After a few years, you figure it out: something must be wrong with the Bible. Friends and acquaintances are abandoning their faith because they can't follow a God who would order genocide, or denigrate women, or abhor gays. And they can't simply ignore a few Bible verses and go on with their faith, because if they learned anything growing up in church, they learned this: either all of the Bible is true, or none of it's true.

But soon after, you realize that maybe nothing is wrong the Bible; maybe something is broken about how you're interpreting it. And if something is broken about how you're interpreting it, maybe something is also wrong about how you're applying those interpretations. Over time, and with quite a bit of help, you begin feeling your way out of the darkness of Christian fundamentalism and the trap of biblical literalism. You can see the contradictions in the text now, but they don't scare you. They simply point to he beautiful frailty of the real people behind the Bible, a frailty that you see all around you every day. As you change the way you interpret the Bible, you change your theology. You begin ignoring those parts of the Bible that endorse prejudice, or misogyny, or genocide. You allow other voices, like science and your own experience, to inform your understanding of God.

Then you wake up one morning and realize that you don't fit in at church. Not only don't you fit in, but you're not really welcome, and you don't particularly like being there.

And that's where I found myself a few weeks ago.

I realized that while my church is admirable in its attempts to pursue social justice and racial integration, its justifications for doing so, and its core theology, were essentially fundamentalist. My church is great in that it has no creeds, no membership, no checklist telling us who's in and who's out, but underlying all of its programs, all its deliberations about church leadership, all its expressions of worship and interactions with the surrounding community was this fundamental, axiomatic belief that the Bible is the infallible word of God. And that made church exhuasting.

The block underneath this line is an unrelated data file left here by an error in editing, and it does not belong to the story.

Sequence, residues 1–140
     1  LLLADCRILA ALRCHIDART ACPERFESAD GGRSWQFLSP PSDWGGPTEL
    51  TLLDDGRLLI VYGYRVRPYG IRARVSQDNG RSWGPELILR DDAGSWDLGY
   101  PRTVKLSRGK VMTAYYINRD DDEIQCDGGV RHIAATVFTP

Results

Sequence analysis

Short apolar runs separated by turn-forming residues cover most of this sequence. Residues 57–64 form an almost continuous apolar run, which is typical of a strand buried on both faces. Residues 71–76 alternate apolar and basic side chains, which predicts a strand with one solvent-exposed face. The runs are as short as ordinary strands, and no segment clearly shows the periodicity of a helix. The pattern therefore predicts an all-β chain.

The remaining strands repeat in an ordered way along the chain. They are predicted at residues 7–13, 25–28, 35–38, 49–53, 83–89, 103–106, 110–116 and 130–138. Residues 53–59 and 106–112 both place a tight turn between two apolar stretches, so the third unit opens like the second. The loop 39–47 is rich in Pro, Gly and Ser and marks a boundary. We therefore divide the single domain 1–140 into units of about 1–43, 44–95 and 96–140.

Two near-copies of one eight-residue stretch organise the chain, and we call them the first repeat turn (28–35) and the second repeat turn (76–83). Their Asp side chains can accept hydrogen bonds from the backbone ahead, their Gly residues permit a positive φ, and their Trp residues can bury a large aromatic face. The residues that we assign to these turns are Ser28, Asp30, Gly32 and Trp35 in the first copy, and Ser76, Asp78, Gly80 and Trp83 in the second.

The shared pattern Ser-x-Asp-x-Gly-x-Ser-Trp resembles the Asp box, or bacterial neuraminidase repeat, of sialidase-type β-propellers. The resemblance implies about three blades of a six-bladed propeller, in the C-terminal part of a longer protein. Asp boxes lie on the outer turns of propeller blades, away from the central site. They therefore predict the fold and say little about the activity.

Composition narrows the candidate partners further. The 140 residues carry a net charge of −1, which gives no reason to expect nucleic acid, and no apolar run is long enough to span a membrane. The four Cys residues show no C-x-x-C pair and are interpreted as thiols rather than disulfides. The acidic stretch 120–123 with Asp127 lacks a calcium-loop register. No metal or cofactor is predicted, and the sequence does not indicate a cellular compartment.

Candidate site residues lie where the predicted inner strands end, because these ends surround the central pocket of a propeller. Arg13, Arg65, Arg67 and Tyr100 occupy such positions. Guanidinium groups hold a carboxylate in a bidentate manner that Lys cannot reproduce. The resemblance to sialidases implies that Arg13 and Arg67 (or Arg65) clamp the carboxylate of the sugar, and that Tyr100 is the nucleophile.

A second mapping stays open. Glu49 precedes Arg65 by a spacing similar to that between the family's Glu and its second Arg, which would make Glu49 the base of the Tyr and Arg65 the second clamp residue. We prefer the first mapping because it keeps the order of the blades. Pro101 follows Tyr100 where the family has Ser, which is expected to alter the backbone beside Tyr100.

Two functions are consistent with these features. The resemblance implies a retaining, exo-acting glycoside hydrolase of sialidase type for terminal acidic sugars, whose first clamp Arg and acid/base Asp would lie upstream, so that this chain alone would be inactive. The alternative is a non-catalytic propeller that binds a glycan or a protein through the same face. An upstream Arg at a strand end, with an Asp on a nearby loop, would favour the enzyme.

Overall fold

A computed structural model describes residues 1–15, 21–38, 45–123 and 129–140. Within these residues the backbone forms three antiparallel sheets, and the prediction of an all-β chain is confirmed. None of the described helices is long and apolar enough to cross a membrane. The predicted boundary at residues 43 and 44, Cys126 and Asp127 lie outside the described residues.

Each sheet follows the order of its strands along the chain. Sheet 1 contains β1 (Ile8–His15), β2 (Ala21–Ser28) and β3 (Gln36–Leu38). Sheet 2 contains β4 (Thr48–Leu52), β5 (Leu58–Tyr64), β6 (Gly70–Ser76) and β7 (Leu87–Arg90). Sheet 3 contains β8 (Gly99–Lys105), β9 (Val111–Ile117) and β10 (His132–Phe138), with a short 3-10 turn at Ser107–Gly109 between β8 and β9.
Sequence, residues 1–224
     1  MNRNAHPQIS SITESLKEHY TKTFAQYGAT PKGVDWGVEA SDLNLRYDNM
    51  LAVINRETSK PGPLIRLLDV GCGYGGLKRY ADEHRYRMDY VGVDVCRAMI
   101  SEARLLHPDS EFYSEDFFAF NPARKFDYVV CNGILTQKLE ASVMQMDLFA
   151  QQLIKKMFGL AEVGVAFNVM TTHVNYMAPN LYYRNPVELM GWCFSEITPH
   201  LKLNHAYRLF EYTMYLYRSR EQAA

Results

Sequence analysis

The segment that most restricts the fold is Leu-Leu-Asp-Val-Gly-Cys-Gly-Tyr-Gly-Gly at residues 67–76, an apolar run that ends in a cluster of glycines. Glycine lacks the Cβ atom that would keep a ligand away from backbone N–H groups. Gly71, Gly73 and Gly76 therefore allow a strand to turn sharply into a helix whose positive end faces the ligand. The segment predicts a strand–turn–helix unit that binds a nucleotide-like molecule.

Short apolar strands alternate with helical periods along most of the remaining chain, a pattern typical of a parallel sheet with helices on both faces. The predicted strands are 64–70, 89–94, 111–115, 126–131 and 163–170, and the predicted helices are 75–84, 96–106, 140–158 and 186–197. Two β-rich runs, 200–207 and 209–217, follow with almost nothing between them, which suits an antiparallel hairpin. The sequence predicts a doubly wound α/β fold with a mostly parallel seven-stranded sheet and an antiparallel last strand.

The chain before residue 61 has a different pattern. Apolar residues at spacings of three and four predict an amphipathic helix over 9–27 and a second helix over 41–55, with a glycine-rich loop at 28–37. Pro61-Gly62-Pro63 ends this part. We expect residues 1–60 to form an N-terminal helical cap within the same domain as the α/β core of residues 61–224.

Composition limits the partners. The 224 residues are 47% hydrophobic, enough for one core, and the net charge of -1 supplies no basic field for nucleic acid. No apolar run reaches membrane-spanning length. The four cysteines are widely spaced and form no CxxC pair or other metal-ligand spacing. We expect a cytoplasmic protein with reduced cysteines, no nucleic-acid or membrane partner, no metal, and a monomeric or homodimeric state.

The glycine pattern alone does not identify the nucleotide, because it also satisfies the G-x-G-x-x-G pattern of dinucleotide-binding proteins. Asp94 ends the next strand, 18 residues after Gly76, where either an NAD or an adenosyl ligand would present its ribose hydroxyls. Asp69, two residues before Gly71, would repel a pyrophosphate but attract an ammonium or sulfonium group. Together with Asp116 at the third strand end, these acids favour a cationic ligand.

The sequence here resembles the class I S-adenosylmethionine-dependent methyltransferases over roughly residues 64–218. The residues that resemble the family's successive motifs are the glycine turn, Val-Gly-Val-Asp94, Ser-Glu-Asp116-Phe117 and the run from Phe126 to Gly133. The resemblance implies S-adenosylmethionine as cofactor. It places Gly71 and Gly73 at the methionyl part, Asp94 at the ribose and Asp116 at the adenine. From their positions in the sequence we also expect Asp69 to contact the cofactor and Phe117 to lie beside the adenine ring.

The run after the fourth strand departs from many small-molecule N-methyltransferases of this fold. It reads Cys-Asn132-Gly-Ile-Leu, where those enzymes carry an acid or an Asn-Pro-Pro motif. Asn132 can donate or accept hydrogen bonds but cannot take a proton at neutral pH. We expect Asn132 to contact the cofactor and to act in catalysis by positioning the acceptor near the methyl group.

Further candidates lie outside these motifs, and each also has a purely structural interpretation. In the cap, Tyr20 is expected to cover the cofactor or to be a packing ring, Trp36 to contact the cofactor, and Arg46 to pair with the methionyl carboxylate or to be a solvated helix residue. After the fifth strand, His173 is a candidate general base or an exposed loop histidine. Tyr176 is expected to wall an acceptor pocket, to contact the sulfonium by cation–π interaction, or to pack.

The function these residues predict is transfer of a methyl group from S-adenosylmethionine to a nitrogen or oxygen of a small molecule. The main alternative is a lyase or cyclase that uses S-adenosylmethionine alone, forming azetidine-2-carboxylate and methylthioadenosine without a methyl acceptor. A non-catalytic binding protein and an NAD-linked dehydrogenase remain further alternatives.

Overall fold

Instead of singing, I spent my time trying to translate the song lyrics into metaphors I could affirm.

Instead of praying, I spent my time pondering the moral bankruptcy of a God who would grant any of our prayer requests, while every day, thousands of people starved to death. I tried not to be appalled at people who would follow such a God.

Instead of speaking the standard Jesus-speak, or providing perspectives that would contradict the established church culture, I tried to keep my mouth shut. I mostly failed at that, though, which mostly made me feel like a curmudgeonly bastard.

I became desperately grouchy, because I was always having to define my faith in terms of what I didn't believe, and I didn't have any spiritual mentors who could show me the way to a positive, progressive faith. (Thank God for the Internet, right? People like Paul and Crystal kept me afloat ... I want to kiss them.)

Finally, I realized that being at church wasn't doing me any good. It wasn't making me a more virtuous person, and it wasn't even making me feel good. Going to church was like poking myself in the eye with a sharp stick, and it would probably be better for everyone involved if I just STOPPED POKING MYSELF IN THE EYE WITH A STICK.

So I did. And now I feel better.

In the future, I may return to a church. My roots are there, my family is there, and I'd like to try to help people who are looking for an alternative to fundamentalism. But for now, I have to figure out the next few lines of my story.

I'd like to find a faith community that exhibits the virtues that I hope to learn. I'd like to find mentors who can express their progressive faith in positive terms. I'd like to see if I can learn some wisdom from other faith traditions, because there are books other than the Bible. I've even read a few of them, and while in lots of places they're as scary as the Bible in the hands of an angry fundamentalist, there always seems to be something to learn about love, or people, or God.

And one last thing: for those of you who might be worried about my apostasy, have no fear. God is out here too.

The God who made the world and everything in it is the Lord of heaven and earth and does not live in temples built by hands. And he is not served by human hands, as if he needed anything, because he himself gives all men life and breath and everything else.

Monday, February 04, 2008

Yes We Can

I linked to this in my news feed (up there at the top right), but it deserves its own post.